Rough-toothed Dolphin (Steno bredanensis)
Suborder: Odonticeti Family: Delphinidae
Common in Hawaiian waters.
Other known names:
Identity Keys to use in the field:
Streamlined body, Narrow head, Smooth sloping forehead, no teeth visible, White "lips", Blue-gray skin color, Pale blotches, Dark cape area around the dorsal fin), White underside, Tall dorsal fin, Black patch around eye, Fast active swimmer, May float motionless at the surface, Normally in small groups, Long, slender beak
General description and habits:
Rough-toothed dolphins get their name from the vertical ridges or wrinkles found on their teeth. However, as these are impossible to see, other features must be relied on when identifying them. They can be mistaken for bottlenoses but unlike other dolphins, rough-toothed dolphins do not have prominent beaks with a crease between their beak and forehead. Their long narrow beak blends smoothly into the forehead and some people have described them as looking like reptiles. Their skin is dark gray or blue-gray, sometimes with a hint of purple. The area around their mouths is often white or pinkish white especially on the underside where the whiteness covers the throat too. They have large eyes that are surrounded by a dark patch of skin. Rough-toothed dolphins have quite slim bodies, especially behind the dorsal fin that has a wide base and curves backwards. Their flippers are large and set quite far back on their body. The flukes have pointed tips and a notch in the middle. Rough-toothed dolphins often have spots or blotches on their lower body and they are often scarred. They have between 38 and 52 teeth in the upper jaw and between 38 and 56 in the lower jaw. Male rough-toothed dolphins are between 2.2 and 2.6 meters (7ft-8ft 6in) in length. The females are between 2.3 and 2.4 meters (7ft 6in and 8 ft). When they are born, the calves are about 1m (39in) long. We do not know how heavy newborn rough-toothed dolphins are, but adults weigh between 100 and 150 kg (200-330lb). Rough-toothed dolphins are fast swimmers and often swim just under the surface with the dorsal fin and part of the back showing above the water. Sometimes they swim with only their head showing above the water. They can stay under water for up to 15 minutes. They can be seen to bow ride, though not as often as other dolphins. They do not tend to do full breaches. Sometimes they are seen resting on the surface of the water. Rough-toothed dolphins live in groups of about 10-20, though they have been seen in groups numbering up to 50 individuals, and, occasionally, in groups of several hundred. They are sometimes seen with bottlenose dolphins, pilot whales, spinner dolphins and spotted dolphins.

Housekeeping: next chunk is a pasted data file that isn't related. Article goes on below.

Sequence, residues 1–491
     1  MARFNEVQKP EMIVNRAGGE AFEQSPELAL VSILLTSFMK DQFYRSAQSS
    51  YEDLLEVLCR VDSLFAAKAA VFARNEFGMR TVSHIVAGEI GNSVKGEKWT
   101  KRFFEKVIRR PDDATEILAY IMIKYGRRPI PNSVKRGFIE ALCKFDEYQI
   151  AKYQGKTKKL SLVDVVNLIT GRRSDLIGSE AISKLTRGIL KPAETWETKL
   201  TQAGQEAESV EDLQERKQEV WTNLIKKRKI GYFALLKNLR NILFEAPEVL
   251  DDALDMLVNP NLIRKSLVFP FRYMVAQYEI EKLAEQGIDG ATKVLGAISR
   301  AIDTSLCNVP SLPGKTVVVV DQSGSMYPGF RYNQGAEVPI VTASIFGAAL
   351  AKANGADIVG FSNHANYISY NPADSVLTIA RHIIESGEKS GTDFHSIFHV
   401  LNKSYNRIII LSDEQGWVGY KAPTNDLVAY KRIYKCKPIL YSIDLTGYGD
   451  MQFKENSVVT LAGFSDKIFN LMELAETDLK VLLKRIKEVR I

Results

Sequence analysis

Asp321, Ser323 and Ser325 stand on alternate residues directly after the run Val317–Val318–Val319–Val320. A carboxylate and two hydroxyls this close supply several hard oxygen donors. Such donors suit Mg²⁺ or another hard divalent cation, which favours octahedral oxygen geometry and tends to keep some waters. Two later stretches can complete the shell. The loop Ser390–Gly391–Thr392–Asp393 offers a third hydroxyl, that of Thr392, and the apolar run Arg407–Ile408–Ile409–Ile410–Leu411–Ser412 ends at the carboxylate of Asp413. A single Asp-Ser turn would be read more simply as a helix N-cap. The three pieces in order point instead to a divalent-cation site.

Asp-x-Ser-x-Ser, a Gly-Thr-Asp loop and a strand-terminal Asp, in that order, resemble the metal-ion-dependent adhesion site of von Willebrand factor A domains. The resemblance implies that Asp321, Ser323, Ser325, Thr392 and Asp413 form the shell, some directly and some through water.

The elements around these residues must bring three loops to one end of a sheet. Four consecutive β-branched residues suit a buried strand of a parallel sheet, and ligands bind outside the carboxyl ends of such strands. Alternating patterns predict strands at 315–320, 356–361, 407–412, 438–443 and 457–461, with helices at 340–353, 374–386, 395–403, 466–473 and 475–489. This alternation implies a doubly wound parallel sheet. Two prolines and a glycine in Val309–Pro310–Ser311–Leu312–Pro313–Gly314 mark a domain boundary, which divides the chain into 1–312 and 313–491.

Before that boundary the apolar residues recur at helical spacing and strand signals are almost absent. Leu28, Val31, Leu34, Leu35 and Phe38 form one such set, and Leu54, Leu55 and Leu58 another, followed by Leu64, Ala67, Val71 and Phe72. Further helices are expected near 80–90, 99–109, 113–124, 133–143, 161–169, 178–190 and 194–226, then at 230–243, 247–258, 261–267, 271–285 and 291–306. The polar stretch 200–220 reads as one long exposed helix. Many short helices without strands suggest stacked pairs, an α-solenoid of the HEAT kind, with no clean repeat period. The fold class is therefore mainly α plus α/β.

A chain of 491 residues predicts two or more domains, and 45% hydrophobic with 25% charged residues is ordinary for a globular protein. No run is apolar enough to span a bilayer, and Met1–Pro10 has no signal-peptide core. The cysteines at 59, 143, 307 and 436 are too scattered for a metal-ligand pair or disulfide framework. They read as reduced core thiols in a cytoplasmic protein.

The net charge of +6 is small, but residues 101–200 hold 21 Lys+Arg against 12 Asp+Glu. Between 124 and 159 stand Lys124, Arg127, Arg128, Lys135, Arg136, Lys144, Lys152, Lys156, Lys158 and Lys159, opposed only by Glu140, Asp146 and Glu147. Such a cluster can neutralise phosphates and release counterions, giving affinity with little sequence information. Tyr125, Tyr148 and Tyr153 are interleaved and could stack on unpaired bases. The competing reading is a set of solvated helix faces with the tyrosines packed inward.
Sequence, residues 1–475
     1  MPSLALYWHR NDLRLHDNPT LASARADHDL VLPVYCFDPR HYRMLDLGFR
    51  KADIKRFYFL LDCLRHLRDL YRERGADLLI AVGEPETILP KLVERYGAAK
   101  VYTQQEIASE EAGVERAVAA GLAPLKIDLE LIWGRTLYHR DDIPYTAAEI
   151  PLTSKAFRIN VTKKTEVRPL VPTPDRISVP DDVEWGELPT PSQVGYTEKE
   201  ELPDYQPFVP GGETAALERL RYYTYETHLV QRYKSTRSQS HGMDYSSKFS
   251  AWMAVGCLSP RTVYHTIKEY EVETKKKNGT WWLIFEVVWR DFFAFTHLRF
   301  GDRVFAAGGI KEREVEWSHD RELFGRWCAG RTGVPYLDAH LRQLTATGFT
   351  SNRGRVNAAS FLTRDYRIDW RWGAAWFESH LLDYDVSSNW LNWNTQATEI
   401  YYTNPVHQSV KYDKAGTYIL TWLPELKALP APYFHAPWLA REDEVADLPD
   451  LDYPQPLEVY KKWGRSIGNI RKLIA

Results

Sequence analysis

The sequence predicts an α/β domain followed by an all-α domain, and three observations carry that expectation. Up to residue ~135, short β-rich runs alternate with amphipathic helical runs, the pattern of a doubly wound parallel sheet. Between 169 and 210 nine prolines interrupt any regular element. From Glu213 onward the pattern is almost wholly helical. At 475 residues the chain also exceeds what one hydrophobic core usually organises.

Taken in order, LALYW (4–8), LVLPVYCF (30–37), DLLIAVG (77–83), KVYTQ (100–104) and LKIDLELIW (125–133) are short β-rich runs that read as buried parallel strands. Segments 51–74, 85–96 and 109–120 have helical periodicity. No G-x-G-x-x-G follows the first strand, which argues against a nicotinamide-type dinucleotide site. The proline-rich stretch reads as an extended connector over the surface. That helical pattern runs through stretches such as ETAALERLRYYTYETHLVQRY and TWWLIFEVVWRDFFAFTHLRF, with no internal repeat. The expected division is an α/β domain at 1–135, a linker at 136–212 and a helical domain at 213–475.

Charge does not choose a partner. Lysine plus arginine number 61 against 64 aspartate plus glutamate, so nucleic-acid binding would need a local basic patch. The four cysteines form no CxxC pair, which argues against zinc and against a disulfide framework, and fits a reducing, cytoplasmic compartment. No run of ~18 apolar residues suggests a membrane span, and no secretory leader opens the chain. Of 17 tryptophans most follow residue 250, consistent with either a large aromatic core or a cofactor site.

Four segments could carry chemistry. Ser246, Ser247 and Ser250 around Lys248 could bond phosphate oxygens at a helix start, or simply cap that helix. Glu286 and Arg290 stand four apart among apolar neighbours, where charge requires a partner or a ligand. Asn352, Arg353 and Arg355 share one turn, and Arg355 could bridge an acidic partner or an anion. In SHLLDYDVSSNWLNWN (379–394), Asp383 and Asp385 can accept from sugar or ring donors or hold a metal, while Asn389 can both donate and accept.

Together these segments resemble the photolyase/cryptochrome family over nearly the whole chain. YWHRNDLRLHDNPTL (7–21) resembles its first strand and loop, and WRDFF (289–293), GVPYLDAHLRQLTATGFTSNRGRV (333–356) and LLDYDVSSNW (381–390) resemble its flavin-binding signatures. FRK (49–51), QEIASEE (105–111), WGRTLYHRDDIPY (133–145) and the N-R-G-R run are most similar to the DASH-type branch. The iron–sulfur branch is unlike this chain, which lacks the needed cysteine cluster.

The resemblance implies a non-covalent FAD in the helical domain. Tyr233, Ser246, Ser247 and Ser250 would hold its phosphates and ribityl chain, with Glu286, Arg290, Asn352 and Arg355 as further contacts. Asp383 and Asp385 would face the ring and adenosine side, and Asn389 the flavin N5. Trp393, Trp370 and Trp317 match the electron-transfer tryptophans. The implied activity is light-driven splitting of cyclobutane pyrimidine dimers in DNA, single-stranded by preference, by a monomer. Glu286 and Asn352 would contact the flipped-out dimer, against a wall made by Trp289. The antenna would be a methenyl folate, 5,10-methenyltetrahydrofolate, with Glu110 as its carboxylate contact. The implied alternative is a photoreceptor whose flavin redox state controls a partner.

Fish, Squid, Octopus
Rough-toothed dolphins prefer deep, warm waters away from the shore and avoid places with cold currents. They have been seen near Hawaii, the Bahamas and Ogasawara in Japan. There is a population living in the Mediterranean and they have also been spotted off the coast of Brazil.
Hunting/Whaling, Entanglement in fishing nets